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Tuesday, 28 November 2006 03:35

RMS: No plain sailing for Novell

The Novell-Microsoft deal is set to come up against hurdles next year with the head of the Free Software Foundation, Richard M. Stallman, confirming that the organisation would use the terms of the next version of the General Public Licence to prevent Novell from using FSF-copyrighted software.

The licence, referred to as GPLv3, is scheduled to come into effect in March next year. There have been objections to the new licence from those in the open source camp, but the FSF, while admitting that the draft is not yet finalised, is unlikely to compromise on key changes from the existing licence, the very changes that are the major sticking points between the two camps.

While the terms free software and open source are often used as synonyms, there are fundamental differences - in order for software to meet the definition of "free", the FSF says it should provide four freedoms - freedom to run the program for any purpose; to study the source code and then change it if one wishes; helping one's neighbour and rights of distribution.

Stallman said the FSF would have no hesitation in using GPLv3 to nobble the deal. "Definitely! This deal is a threat to the freedom of the free software community, because its effect is to make GPL-covered software non-free in practical terms," he said.

There have already been concerns expressed that the deal violates section 7 of the existing GPL, version 2. The FSF's chief legal eagle, Eben Moglen, told CNET News earlier this month that if one made an agreement which required the payment of a royalty for the right to distribute GPL software, then it could not be distributed under the GPL. He said section 7 of the GPL made it obligatory for one to have, and also give everybody else, the right to freely distribute software without needing any additional permissions.

GPLv3 will insist that if someone sells a software binary then, since he or she is also required to provide the source, along with that comes a requirement to provide whatever it takes to authorise a recompiled version to run.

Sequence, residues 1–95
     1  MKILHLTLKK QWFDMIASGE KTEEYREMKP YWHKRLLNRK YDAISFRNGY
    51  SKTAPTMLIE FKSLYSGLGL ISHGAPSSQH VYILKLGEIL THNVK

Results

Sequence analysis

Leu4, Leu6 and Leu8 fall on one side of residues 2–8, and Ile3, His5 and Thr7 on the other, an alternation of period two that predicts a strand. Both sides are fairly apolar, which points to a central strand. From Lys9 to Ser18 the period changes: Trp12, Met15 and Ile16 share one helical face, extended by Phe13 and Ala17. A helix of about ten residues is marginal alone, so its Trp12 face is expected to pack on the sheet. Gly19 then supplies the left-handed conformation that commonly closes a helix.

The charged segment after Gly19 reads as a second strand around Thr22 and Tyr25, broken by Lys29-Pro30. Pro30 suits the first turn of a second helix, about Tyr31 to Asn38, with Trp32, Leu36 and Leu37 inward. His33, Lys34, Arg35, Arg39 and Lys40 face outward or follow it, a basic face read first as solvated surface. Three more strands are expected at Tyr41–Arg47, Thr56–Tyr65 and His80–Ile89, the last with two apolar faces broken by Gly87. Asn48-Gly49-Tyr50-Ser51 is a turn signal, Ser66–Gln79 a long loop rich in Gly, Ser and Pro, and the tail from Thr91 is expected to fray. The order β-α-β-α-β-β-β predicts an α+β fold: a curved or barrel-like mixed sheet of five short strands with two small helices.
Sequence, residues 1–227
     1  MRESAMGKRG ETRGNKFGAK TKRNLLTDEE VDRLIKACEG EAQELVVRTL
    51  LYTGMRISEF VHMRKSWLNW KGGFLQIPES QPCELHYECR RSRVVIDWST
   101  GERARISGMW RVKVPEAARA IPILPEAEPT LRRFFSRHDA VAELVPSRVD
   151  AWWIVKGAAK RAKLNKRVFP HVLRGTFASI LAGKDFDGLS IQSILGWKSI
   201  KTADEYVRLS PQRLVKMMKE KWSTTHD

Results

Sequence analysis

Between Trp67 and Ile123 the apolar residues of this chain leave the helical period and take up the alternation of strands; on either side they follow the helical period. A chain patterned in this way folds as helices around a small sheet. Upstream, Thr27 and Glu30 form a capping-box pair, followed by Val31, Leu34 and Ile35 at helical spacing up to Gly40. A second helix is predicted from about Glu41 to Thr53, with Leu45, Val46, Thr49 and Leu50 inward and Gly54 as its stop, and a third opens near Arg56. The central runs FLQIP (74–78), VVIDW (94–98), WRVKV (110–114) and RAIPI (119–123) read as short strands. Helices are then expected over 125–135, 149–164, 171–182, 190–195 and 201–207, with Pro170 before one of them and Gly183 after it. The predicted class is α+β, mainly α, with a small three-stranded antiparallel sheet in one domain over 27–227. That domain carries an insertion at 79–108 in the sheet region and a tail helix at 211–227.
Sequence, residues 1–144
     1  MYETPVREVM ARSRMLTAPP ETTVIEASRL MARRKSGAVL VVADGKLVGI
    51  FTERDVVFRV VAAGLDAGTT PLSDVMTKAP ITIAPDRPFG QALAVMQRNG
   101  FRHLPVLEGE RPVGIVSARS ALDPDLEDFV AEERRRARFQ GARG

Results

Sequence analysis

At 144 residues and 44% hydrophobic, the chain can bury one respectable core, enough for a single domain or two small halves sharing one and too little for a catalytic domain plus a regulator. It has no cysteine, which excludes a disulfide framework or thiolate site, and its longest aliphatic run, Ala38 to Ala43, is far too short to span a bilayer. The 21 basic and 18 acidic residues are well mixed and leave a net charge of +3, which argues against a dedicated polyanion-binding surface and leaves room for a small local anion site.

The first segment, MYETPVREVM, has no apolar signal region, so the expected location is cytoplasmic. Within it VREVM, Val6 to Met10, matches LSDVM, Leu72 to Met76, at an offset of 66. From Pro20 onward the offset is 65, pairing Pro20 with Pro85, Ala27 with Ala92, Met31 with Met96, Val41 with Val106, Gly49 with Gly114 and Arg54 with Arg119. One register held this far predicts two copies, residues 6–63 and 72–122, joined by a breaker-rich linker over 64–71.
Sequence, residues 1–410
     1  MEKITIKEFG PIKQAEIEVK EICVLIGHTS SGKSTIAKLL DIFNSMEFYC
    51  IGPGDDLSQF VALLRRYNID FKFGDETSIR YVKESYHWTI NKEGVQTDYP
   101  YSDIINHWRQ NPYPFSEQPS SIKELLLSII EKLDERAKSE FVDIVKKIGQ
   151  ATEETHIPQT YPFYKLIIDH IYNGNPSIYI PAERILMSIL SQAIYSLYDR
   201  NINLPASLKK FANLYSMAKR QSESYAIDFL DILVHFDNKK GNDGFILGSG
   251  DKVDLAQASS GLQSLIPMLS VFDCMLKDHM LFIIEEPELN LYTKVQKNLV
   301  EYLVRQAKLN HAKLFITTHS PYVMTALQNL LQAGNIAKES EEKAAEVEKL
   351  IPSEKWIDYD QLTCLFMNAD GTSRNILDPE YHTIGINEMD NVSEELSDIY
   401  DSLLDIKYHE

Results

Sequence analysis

Stallman, who founded the FSF in 1984, said: "The deal creates a situation where Novell can distribute certain ostensibly free software, software whose license says that everyone else is free to redistribute it, but everyone else is systematically intimidated from doing so."

Among the software which is copyrighted by the FSF is the GNU C library, an essential part of every GNU/Linux distribution. Were Stallman to go ahead with his threat, then Novell would be stuck with old versions of all FSF-copyrighted software; the option of developing such software on one's own is out of the question.

"Software patents are dangerous to all software developers; they are an injustice," Stallman said. "In countries that have the foolish policy of allowing software patents, patent holders can use them to suppress a free program (or any program) entirely."

He said this method was "a blunt weapon" that was often hard to employ, and would not directly get the patent holders anything. "If patent holders can use their patents to corrupt distributors one by one, making the program non-free instead of suppressing it, they can more easily attack our freedom. That is what we will prevent."

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Sam Varghese

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Sam Varghese has been writing for iTWire since 2006, a year after the site came into existence. For nearly a decade thereafter, he wrote mostly about free and open source software, based on his own use of this genre of software. Since May 2016, he has been writing across many areas of technology. He has been a journalist for nearly 40 years in India (Indian Express and Deccan Herald), the UAE (Khaleej Times) and Australia (Daily Commercial News (now defunct) and The Age). His personal blog is titled Irregular Expression.

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